Whatever is happening in your sister will need to be ascertained and dealt with as it occurs, in order to lessen the stress and damage potential of the illness.

    • Anonymous
      April 6, 2010 at 9:57 pm

      I do not know what medicine they are giving her but lately all she is doing is sleeping. Is this a good thing? I only get to see her on week ends because she is so far away and I work full time, so I can only go on weekends. Her Ivig treatments I believe they gave them to her for five days waited a couple of days and gave her another round. They said something about giving her another round. I get Ivig for the autoimmune disease that i have, It’s called ITP which is low platelets, if I get a virus or anything my platelets will drop and they give me usually 3 days of Ivig and I get sicker than a dog from it migraine headaches where I throw up and can’t get out of bed for 3 days. Sometimes when I am suppose to get it for 3 days I can’t make it I can only have 2. Have anyone here gotten such a bad reaction from the Ivig?
      I wish my sister could be sitting here next to me and could read and relate to all of you this forum is a great way to communicate with others that know what you are going through. ( I belong to the ITP forum and I find it very valuable,) and I hope my sister will find this one as valuable to her when she is able to communicate.
      thank you for all your prayers and information I can’t tell you how much I appreciate you.

    • April 6, 2010 at 10:50 pm

      Hi Dianes sister,
      Maybe you could bring your laptop and read to her. If you do not have one, they usually have them on the floor. About the ivig headaches, we too get them, well we did for 2 years and then we spilt up the treatment and it has not been a problem since. Can you get solumedrol as a pre-med? Do you continue to pre-medicate afterwards? Regarding your sister and ivig, more than likely this will be the last round, being that she has gbs. Did they mention that they suspect cidp? Is that why they gave it to her again? How far apart were the treatments? I guess if she is sleeping at least you know she is not in pain, physically or emotionally. Healing will come in its own time, it takes patience, lots of it.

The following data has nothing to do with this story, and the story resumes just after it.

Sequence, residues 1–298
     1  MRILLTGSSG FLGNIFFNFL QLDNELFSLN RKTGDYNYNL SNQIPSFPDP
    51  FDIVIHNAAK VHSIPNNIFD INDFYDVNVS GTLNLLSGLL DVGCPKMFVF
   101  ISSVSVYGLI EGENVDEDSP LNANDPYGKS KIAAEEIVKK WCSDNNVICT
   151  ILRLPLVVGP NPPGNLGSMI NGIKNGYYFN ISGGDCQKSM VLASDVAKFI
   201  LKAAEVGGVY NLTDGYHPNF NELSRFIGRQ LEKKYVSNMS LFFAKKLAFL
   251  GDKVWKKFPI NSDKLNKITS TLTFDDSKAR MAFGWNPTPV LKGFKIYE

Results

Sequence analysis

• Anonymous
      July 5, 2010 at 7:17 pm

      My 2 cents here:
      As far as the blanket… I would of screamed if I could of spoke at the time “NO” blanket, in fact I requested a indirect fan (Via using a alphabet board) over my gown covered body which I was very cold but it seemed better than any warmth. Warmth made the pain worse for me causing what I call “fantom leg” which as I laid there unable to move any part of my body, my legs would feel as if there was frozen metal rods wrapping around my paralyzed legs.
      In my mind I thought I could move my legs from that pain and in my mind my legs moved with much pain through the metal and out giving relief for a few moments before the metal rods seemed to find it’s victim and as punishment for moving the rod would send in ice picks to plunge deeper in my legs. I learned not to stay very long “out” and would endure the pain going back thus avoiding the ice picks punishment which gave seconds of relief.

      My thoughts while laying paralyzed varied from funny dreams of peoples faces with turned up noses that looked like trees to scary thoughts of being kidnapped and nurses trying to poison me. Later I was told it probably was from the morphine I had been given for pain. It was a trip and it left me wondering what was real and what wasn’t. Took me awhile to deal with the reality of it because it seemed very real.